Stop Smoking Services and Health Inequalities

Rosemary Hiscock, Linda Bauld

Research output: Book/ReportCommissioned report

Abstract

- Rates of smoking have declined in the UK in recent years, but the rate of decline has been significantly slower in more disadvantaged groups - Health inequalities in the UK are widening according to some important measures, such as life expectancy - Smoking is the single biggest preventable cause of these health inequalities  - Stop smoking services ‘reach' a significant number of disadvantaged smokers, even in areas with high smoking prevalence. The services treat a higher proportion of smokers eligible for free prescriptions and who are unemployed than are found among the general population - Despite this, smokers from disadvantaged areas find it more difficult to stop with the help of stop smoking services than their more affluent neighbours  - These differences in chances of quitting successfully appear to be due to: lack of social support, higher nicotine dependency, challenging life circumstances and factors relating to the stop smoking services themselves  - Ensuring that disadvantaged smokers make full use of stop smoking medications (e.g. combination therapy or varenicline) and group support (possibly rolling drop-in groups) may help stop smoking services increase the quit rates amongst less affluent smokers - Stop smoking services in their current form contribute to reducing health inequalities; this impact could be even greater if more disadvantaged smokers contacted the services and if the services maximised the chances of those quitters being successful through promoting use of the most effective medications (combination NRT and varenicline) and using more tailored and flexible approaches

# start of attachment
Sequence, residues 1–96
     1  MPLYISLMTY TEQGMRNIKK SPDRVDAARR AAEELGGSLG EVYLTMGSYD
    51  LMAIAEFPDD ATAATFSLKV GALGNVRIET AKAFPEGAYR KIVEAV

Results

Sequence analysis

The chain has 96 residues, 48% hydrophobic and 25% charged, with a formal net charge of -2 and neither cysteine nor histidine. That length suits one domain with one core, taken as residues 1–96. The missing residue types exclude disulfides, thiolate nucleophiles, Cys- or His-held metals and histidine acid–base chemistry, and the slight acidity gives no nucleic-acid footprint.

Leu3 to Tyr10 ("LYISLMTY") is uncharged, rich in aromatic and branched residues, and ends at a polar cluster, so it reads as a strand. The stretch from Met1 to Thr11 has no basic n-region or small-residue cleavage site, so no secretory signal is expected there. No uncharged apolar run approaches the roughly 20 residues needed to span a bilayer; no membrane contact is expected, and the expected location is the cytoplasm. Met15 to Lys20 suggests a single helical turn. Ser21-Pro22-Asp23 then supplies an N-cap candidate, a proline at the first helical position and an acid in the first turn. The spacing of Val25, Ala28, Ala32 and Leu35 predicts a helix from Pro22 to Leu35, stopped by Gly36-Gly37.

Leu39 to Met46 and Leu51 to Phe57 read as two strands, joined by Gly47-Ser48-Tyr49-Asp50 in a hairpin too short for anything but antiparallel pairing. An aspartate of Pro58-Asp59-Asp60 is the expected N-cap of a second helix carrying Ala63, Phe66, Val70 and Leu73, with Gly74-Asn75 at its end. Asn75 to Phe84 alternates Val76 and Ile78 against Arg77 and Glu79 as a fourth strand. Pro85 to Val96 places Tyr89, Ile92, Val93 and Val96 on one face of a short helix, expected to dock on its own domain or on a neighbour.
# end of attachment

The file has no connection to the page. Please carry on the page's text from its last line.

Original languageEnglish
PublisherNational Centre for smoking Cessation and Training (NCSCT)
Publication statusPublished - 30 Nov 2012

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